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Neville Symington

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Neville Symington, a member of the Middle Group of British Psychoanalysts, 'has trodden a long and interesting path...tak[ing] him from his birthplace in Portugal, via England, to Australia, and with membership of the Port Wine Trade, the Catholic Church, the Tavistock Clinic, and the British Institute of Psycho-Analysis as stopping-points'.[1]

Symington was a Catholic priest, before working at the Tavistock in the 70s and 80s. He emigrated to Australia in 1986, and was President of the Australian Psychoanalytical Society from 1999-2002.

On narcissismEdit

Symington is perhaps best known for his work on narcissism, producing what has been called his 'very particular, complex, and intriguing understanding....Symington (1993) understands narcissism as the psychopathology that underlies all other'.[2]

Symington considered that 'the infant/child becomes narcissistically disordered by making an unconscious choice either towards the lifegiver (its authenticity or spontaneity) or to its disavowal and the use of magical pretence in order to evade psychic reality and to avoid external reality'.[3] The result of the latter choice is that 'in place of autonomy, the adult...would come to obey an internal source that the psychoanalyst Neville Symington calls the "discordant source"...pathological'.[4]

Religion and psychoanalysisEdit

Template:Confusing-section The origins of his book on narcissism came about, in Symington's words, when 'I started to work on the subject of Psychoanalysis and Religion, and it came to me quite early in that research that the connecting link between the two disciples was narcissism'.[5] The two subjects were both very close to Symington's central concerns.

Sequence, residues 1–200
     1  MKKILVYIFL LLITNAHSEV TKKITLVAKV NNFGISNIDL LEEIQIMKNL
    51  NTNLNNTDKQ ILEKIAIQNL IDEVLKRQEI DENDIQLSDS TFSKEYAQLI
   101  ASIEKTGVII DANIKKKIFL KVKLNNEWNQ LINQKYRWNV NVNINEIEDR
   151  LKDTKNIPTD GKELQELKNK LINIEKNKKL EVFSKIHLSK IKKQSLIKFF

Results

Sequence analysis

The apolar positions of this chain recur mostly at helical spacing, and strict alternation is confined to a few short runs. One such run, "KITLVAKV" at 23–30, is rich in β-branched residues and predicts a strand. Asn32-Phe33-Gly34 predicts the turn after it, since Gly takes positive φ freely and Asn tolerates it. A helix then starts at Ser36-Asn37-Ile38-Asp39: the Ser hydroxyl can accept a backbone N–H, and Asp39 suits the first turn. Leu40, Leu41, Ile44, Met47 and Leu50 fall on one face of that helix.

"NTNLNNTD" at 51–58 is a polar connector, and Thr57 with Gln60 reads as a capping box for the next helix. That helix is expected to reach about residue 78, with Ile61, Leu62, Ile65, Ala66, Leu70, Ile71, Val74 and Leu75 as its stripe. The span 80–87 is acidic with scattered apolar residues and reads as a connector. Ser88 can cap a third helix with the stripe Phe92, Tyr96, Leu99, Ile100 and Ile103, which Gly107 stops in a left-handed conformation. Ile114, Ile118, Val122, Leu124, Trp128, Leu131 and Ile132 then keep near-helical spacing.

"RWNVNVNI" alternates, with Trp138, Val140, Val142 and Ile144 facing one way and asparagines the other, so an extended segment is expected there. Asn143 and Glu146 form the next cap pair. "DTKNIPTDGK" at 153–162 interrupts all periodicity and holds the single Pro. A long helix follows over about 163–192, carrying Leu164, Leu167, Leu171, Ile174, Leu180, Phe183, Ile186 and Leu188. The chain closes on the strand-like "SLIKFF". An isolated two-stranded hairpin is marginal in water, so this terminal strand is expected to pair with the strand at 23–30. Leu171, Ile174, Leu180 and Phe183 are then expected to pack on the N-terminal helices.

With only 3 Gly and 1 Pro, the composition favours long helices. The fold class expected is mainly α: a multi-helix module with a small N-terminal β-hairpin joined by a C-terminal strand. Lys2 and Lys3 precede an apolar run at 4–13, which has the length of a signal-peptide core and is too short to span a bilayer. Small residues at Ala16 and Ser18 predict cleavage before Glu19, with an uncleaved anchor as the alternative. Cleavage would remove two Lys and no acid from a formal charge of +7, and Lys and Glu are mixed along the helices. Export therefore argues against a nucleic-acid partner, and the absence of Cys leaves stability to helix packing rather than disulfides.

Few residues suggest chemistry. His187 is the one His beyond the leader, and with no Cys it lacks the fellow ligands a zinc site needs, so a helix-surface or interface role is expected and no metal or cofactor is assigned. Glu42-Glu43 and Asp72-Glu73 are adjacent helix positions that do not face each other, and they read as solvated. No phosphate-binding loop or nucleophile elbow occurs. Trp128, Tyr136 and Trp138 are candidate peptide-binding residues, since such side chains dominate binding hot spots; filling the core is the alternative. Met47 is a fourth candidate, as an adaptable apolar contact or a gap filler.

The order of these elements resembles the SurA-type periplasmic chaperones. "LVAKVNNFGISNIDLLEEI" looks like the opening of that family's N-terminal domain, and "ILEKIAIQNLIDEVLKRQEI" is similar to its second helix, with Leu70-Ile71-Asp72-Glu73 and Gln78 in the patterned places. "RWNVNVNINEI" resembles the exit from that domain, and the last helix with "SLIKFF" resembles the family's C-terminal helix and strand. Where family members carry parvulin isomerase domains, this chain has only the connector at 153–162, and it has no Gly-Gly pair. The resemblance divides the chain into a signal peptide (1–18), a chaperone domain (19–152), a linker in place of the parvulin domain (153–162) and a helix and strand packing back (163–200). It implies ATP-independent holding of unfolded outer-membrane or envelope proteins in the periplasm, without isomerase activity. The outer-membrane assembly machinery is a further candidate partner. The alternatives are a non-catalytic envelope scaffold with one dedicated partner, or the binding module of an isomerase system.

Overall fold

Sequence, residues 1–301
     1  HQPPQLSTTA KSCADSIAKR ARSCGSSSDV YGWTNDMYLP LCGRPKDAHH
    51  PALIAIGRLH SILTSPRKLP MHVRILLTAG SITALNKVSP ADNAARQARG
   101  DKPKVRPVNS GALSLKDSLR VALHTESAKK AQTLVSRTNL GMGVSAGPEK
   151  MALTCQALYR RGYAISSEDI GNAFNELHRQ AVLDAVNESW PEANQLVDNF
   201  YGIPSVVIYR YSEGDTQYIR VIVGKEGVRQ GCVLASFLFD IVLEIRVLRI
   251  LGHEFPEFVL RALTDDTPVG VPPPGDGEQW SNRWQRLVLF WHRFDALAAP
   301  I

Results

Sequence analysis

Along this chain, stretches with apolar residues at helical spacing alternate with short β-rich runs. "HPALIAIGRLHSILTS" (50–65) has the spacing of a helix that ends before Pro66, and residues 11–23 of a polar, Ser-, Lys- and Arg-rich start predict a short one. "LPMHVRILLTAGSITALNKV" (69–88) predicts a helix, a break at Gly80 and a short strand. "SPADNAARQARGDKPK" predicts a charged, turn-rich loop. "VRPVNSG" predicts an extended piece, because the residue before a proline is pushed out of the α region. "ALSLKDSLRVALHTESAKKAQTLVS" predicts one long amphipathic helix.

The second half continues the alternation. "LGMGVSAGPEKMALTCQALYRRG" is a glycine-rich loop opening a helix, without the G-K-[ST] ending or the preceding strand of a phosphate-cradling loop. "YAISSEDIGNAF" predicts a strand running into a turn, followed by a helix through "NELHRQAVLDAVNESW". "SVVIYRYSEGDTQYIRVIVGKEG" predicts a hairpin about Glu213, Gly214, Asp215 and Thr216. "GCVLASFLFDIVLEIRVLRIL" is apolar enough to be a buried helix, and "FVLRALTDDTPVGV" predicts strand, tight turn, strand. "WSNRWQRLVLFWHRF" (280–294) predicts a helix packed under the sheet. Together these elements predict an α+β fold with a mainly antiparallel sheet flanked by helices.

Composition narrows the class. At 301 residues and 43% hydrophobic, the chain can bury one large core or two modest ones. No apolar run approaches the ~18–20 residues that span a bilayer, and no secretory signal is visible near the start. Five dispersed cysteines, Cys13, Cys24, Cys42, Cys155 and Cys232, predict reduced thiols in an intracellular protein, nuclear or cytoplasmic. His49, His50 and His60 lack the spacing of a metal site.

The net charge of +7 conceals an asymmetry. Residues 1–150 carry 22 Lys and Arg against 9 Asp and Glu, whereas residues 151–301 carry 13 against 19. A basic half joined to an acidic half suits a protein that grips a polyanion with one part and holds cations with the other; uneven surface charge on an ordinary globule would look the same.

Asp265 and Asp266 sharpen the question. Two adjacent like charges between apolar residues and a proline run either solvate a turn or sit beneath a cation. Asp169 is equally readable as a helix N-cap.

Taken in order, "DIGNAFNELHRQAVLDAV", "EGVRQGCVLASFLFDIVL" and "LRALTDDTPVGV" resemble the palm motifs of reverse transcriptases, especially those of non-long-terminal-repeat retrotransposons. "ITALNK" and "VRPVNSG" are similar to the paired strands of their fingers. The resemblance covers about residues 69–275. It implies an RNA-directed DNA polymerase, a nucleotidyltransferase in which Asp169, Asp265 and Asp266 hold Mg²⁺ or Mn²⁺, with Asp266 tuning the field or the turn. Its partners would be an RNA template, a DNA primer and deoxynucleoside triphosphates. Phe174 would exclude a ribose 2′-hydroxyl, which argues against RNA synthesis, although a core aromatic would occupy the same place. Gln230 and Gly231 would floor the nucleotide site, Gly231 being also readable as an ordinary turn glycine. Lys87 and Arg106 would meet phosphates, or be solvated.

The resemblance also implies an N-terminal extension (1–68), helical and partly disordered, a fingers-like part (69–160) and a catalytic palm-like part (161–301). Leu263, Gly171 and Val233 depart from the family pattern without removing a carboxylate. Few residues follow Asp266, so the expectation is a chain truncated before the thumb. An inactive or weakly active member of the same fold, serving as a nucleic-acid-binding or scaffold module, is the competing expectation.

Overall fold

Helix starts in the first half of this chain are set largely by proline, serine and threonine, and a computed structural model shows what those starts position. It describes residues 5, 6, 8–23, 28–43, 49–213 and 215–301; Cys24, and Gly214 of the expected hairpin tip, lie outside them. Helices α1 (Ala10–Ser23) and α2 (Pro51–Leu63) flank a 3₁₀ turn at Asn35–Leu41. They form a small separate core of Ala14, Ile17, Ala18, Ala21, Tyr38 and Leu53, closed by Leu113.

'At one time a Catholic priest, but subsequently Tavistock trained...in later writings, Symington mingled metaphysical faith-claims with his psychology of the mystical'[6] in what might perhaps be almost seen as a "return of the repressed" (religion) into psychoanalysis. It was a move that created a certain amount of controversy: thus for example Robert M. Young - taking exception to Symington's study of W. R. Bion as 'a very particular, idiosyncratic and controversial rendering of Bion's thinking' - considered that 'the evangelical and pontifical elements of this book are illuminated by his recently declared views on religion'.[7]

Symington sees 'the psychic process, with its therapeutic arrival at the depressive position, as a process of moral education', declaring that '"Psychoanalysis is a natural religion but not a revealed one"'.[8] Following that lead, 'many analysts, who have adopted a positive understanding of religion with a Winnicottian twist...make a distinction, in the spirit of the deists, between natural religion[s] and revealed religion...with reference to Symington'.[9]